Jennifer Hollander, teaching associate professor in biology, was awarded the Nevada Regents' Teaching Award for 2019. She has been a faculty member for 12 years at the University of Nevada, Reno and she is the 14th faculty member to be awarded this honor at the University, the first from the department of biology.
The Nevada Regents' Teaching Award is given annually to one full-time faculty member in the Nevada System of Higher Education with an exceptional teaching record. The award winner is selected based on written nominations by faculty and students and the faculty member's teaching success and receives a medal and a check for $5,000.
Hollander received her bachelor's degree in human biology at the University of Utah, her master's degree in biology at the University of Nevada, Reno and her doctoral degree in ecology, evolution and conservation biology at the University of Nevada, Reno. She now teaches anatomy, physiology, advanced human dissection, and co-teaches desert and montane ecosystems.
Hollander started as a pre-med biology major at the University of Utah and worked at a hospital during undergrad, with the full intention of continuing on in the healthcare field. During undergrad, she started teaching at the University of Utah as a teaching assistant for anatomy and realized she was more passionate about teaching rather than continuing on to medical school. Soon after she received her doctoral degree, she became a member of the department of biology and has been positively impacting the University ever since.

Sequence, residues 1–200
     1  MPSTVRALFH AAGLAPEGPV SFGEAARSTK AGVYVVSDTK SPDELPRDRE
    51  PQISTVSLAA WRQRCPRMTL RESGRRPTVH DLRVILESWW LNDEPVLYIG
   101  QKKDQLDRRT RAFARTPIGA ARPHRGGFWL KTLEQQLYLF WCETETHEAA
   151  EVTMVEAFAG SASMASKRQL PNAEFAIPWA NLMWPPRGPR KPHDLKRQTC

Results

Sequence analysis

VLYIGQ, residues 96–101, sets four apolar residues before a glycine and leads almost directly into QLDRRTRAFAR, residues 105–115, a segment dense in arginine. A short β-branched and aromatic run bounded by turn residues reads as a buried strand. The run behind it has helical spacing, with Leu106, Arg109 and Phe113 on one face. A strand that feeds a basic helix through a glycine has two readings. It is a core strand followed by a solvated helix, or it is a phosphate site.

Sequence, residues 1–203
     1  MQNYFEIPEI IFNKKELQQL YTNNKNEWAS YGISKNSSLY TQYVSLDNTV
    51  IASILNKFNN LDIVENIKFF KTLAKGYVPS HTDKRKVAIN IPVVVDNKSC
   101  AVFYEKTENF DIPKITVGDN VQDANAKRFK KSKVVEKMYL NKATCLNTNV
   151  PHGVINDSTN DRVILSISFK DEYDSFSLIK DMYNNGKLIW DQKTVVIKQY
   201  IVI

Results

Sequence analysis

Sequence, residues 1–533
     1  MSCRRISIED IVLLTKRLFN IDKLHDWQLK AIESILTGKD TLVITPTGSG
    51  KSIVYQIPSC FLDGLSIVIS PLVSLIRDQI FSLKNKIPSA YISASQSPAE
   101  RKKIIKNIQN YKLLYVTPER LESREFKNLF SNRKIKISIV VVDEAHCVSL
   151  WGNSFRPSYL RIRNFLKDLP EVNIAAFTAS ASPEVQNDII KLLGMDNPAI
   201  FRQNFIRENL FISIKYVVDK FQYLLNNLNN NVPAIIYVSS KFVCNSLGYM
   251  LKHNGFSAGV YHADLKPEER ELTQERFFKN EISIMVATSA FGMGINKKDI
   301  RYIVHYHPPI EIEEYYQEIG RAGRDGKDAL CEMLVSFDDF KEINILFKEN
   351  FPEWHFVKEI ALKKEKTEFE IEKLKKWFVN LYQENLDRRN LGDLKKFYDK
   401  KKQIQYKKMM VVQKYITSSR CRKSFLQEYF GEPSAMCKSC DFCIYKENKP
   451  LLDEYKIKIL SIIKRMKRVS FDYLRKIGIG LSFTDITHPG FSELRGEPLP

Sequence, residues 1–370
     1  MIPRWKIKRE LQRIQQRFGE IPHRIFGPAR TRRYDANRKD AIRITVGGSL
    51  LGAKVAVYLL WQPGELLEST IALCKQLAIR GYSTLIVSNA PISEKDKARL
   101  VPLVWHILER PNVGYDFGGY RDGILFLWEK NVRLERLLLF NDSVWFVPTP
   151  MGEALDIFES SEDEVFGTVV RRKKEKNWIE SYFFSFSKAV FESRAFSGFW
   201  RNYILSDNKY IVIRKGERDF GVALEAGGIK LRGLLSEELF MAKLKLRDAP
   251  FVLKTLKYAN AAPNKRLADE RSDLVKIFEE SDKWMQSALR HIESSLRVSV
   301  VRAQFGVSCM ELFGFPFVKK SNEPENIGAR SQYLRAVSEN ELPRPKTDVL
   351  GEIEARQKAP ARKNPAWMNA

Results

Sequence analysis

Hollander has a passion for teaching and working with students. One way she engages students is by relating the course material to experiences in both the workforce and everyday life.
"I let the students know how important the information is that I'm teaching by trying to use examples of situations they may face in the future where the information is going to be valuable in their lives," said Hollander. "Even if it is just to understand a future medical diagnosis for themselves or a loved one."
Hollander also makes a point to stay in touch with her students after they graduate and receives positive feedback about the examples she provided in class that have helped them in their careers.
"My job is more than just giving students grades, my job is to really make sure they understand how the human body works," she said. "What teaching means to me is that I'm having a huge impact and really trying to make sure that our future medical and dental students start their programs with a really good base understanding of human physiology."
Hollander teaches a human cadaver dissecting course and oversees the human cadaver dissection team within the class. According to Hollander, the human cadaver dissection team is rare within undergraduate colleges nationwide as the dissection process of cadavers are becoming increasingly regulated.
The team is able to dissect both human and cat cadaver structures, allowing for students to have a hands-on learning experience. The anatomy lab is also open for the public for NevadaBound and high school students to tour the lab.
Hollander also co-teaches the desert and montane ecosystem course, where students learn about flora and fauna of the desert and take a five-day camping trip to the desert to research.
Outside of the classroom, Hollander enjoys spending time with her two daughters, hiking with her dogs, camping, and skiing.